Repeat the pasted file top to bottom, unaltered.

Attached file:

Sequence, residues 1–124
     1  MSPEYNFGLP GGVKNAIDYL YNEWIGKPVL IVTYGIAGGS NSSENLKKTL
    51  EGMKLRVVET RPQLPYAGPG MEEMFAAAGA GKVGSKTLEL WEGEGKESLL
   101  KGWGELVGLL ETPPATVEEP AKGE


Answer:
Sequence, residues 1–124
     1  MSPEYNFGLP GGVKNAIDYL YNEWIGKPVL IVTYGIAGGS NSSENLKKTL
    51  EGMKLRVVET RPQLPYAGPG MEEMFAAAGA GKVGSKTLEL WEGEGKESLL
   101  KGWGELVGLL ETPPATVEEP AKGE